|Renewology||This Week's True|
"Proj" is the mean prediction for where the show's True ratings will end up settling in the late part of its order, while "Target" is the network-based average that the formula expects the show will need to be exactly a 50% renewal. It's our attempt to quantify the "bubble."
"Collapse" and "Resilient" are both derived from the formula's thousands of simulations of future ratings, as a sort of reasonable "best case" and "worst case" scenarios for where the True scores will go from this point forward. More concretely, they are the 5th and 95th percentiles out of all the simulations. So you can look at them as a sort of 90% confidence interval. The "Proj" at the end of the season should only finish outside of the Collapse to Resilient range about 10% of the time. Whether they actually will is another story...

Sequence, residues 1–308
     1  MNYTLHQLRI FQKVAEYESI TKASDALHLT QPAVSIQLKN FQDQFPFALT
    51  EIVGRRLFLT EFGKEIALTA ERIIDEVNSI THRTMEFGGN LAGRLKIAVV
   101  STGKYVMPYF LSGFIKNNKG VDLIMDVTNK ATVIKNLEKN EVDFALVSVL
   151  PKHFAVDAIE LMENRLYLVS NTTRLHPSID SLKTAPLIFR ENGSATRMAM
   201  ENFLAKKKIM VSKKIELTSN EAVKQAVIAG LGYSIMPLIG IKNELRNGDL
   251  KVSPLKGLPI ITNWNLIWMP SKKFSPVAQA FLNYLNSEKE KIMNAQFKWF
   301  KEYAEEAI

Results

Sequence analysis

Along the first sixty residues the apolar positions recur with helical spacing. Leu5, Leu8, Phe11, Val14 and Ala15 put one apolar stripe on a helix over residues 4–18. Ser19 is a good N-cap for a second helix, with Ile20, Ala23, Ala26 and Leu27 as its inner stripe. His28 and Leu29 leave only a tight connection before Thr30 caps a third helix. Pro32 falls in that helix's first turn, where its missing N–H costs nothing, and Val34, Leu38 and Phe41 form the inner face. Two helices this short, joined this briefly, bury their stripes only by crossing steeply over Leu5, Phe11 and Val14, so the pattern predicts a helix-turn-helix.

In this case, I kinda cherry-picked a show (Criminal Minds: Beyond Borders) where the initial True projection was almost exactly right. I did this so you can see the formula becoming a bit more confident at the end of the order, even with the proj/target staying pretty steady. That's because the ratings uncertainty is gone. We're more certain that it's settled a little above the "bubble," and the "Collapse" scenarios that show it dropping below are gone. More on that in the summary of the process.
There's also a chart, tracking each show's evolution in Renewology % over the course of the season.
The chart uses the same dark red to dark green color coding as the tables, so you can visualize a show's movement through the various zones. If I cherry-picked a strong example of projections for the table, I cherry-picked an awful one (season one of Secrets and Lies) for this chart, just to give you a view of a show that navigated a bunch of different zones. S&L was a case where the show premiered barely above toss-up levels. The formula said that's a bad thing, because normally it would drop well below the bubble, but this was a rare case where the pundits would've been correct to treat it like a normal rating! It was way more resilient than the formula expected and then grew big at the end, allowing it to make an incredible post-premiere gain in Renewology %.